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22 June, 2022

Ukrainians find a home in Mareeba

UPROOTED Ukrainian refugees fleeing their war-torn homeland have been welcomed to Mareeba with open arms in a special morning tea and information session to help them adapt to their new home.

By Rhys Thomas

Ukrainian refugees were welcomed to Mareeba last week with a special morning tea helping them adapt to their new country and link them with essential services.

The morning tea was hosted by Centacare and held at the Cedric Davies Hub in Mareeba last week, to welcome the newest wave of refugees and help them engage with necessary services in the shire. 

Oleksandr Diachok and his wife Valentya are just two of many refugees who have been forced to flee their homes and adapt to life in a foreign country. 

The couple have joined their son Yuri who has lived in Mareeba for the past 10 years. 

Speaking through a translator, the couple revealed they had vacationed in Australia three years ago where Yuri took them on a tour of the country. 

“Our son has been living in Australia for the past 10 years so we have taken a big interest in Australia and Australian life and wildlife,” Valentya said. 

“We visited Yuri prior to coming here this time so we kind of knew what to expect. 

“When we came last time, he took us on a trip around the country to show us the countryside and nature.” 

The husband and wife arrived in Australia from Ukraine on 6 April 2022 and have felt welcomed within the community and are very happy to be here. 

While they are now safe with their son, the couple are deeply worried about their daughter and her husband who are remain stuck in Ukraine and unable to leave. 

“Our daughter and son-in law are still in Ukraine and we are very nervous and worried about them,” Valentya said. 

“Despite the fact they were granted visas, because our daughter’s husband is below a certain age, he cannot cross the border legally and our daughter does not want to leave her husband behind.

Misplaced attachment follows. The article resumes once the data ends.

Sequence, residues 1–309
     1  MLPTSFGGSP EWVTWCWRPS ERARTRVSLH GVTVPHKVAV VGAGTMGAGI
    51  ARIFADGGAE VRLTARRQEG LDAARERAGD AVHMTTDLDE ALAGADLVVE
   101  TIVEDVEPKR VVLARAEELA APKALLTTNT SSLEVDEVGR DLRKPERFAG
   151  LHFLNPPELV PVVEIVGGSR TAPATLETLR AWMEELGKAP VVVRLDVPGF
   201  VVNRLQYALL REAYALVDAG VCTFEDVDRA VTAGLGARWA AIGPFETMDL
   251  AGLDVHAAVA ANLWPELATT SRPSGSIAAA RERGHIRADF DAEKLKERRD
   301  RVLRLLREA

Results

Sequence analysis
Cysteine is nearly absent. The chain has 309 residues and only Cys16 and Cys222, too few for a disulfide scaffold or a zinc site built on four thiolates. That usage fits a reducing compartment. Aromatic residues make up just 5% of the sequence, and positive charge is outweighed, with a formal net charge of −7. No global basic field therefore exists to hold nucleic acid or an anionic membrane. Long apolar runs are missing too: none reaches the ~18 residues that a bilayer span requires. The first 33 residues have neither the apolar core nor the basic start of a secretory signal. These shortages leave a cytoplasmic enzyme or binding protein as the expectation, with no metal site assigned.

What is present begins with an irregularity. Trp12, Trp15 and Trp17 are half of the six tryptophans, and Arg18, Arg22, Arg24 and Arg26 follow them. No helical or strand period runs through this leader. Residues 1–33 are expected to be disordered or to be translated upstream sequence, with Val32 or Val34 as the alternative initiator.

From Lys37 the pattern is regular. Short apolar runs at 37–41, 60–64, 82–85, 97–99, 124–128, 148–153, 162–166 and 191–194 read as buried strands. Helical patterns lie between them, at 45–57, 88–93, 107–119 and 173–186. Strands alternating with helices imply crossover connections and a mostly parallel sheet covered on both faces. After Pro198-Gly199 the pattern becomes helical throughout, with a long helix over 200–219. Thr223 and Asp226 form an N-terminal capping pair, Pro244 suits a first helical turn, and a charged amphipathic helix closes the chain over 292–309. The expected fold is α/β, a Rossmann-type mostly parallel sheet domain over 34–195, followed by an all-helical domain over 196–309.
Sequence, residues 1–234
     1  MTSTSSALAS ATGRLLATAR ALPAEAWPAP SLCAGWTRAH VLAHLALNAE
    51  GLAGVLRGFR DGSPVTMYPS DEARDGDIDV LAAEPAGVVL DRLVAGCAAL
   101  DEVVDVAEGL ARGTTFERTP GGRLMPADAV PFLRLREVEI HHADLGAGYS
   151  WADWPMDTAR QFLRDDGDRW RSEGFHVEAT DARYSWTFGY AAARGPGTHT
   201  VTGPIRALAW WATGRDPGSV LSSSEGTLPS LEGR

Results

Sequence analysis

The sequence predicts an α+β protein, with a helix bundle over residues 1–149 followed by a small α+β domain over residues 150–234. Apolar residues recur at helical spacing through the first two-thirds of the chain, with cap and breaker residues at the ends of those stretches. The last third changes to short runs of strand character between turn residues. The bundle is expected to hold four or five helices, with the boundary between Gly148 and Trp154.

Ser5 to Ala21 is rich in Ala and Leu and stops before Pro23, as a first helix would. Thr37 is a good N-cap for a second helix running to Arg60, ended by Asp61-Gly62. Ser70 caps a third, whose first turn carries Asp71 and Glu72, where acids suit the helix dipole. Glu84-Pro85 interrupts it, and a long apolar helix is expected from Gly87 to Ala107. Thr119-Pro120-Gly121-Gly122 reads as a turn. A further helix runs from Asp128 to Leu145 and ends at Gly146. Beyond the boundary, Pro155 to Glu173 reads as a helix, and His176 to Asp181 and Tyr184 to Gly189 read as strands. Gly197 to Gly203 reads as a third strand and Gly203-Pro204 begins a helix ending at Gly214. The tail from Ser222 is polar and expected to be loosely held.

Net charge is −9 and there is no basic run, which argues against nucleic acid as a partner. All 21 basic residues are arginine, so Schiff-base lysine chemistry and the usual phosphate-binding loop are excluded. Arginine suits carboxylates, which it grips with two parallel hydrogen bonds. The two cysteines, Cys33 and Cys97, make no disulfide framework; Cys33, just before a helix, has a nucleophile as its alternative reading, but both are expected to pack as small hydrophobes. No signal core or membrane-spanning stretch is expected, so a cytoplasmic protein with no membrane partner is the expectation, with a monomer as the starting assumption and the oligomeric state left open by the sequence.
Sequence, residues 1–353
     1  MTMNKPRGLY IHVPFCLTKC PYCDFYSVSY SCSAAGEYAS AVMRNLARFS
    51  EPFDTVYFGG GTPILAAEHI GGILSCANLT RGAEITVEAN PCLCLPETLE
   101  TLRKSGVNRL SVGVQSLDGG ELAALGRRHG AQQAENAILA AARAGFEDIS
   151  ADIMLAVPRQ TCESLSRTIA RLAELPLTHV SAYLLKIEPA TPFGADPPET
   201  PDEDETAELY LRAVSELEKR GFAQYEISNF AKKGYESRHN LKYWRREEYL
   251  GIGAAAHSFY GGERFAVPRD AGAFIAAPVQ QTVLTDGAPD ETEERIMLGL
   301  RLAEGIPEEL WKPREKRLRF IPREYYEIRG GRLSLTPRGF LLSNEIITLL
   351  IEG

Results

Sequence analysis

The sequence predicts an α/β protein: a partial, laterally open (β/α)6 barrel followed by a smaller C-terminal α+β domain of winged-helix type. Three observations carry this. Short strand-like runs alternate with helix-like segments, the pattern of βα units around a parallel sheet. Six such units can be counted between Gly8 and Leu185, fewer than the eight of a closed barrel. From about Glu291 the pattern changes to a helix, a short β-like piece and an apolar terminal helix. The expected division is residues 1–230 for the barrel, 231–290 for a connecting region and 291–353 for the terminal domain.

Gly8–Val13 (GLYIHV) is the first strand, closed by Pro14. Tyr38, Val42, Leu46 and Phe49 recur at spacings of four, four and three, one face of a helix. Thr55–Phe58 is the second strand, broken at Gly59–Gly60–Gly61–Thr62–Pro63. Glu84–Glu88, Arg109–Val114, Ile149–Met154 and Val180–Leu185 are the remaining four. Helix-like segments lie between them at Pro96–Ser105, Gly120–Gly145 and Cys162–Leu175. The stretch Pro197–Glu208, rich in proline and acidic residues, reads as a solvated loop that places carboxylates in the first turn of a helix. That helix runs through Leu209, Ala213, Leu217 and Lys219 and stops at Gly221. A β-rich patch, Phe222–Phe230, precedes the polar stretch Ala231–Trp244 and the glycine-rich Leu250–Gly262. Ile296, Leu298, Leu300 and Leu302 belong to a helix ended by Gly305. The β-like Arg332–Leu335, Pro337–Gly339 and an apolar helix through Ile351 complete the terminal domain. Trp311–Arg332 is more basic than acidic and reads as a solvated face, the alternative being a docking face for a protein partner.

“We would love for them to join us in Mareeba.” 

Centacare has been assisting the refugees, providing a range of services in the Far North with a specific focus on humanitarian settlement, providing support to refugees and migrants settling in the community and helping them adapt to the new surroundings and culture. 

Friday’s morning tea was not only attended by refugees and Centacare but other organisations such as real estate agents, schools, TAFE, local councillors and other services which provided information for the shire’s newest residents. 

Centacare FNQ executive director Anita Veivers said due to the invasion of Ukraine, more and more Ukrainian refugees were relocating to Mareeba. 

“We have had over 30 people arrive specifically from Ukraine but overall in the next month we will have over 100 people coming through,” she said.

“The support we provide them ranges from picking them up at the airport, supporting them into short term accommodation, setting them up with a bank account and medical services. 

“It has been a little bit different with the Ukrainian families because they are coming to family members.” 

Centrecare FNQ manager of multicultural services, Andrea Obeyesekere (left)

Centacare also provides an orientation program for the refugees to inform them around Australian culture, expectations, legislation and whatever else they need to know to adapt to Australia life. 

While there is an influx of refugees, Centacare FNQ manager of multicultural services, Andrea Obeyesekere, said they would not put extra pressure on the housing market as many of them were staying with family. 

Ms Obeyesekere said Mareeba had never seen an influx of refugees like the ones coming from Ukraine and the information session was crucial to help them adjust. 

“There are so many Ukrainian refugees being settled in Mareeba because they already have family connections here and many have agricultural skills,” she said. 

“This session is very important to make people feel welcome and a part of a community they are new to, especially when they are arriving with the status they are. 

“In this region, we have never seen people plucked out of trauma from an immediate war situation and brought to this region. 

“Because of the nature of this crisis, people have been uprooted and their first point of settlement is here in Mareeba - there is a lot of trauma they are adjusting too and it is important to make them feel part of the community.”

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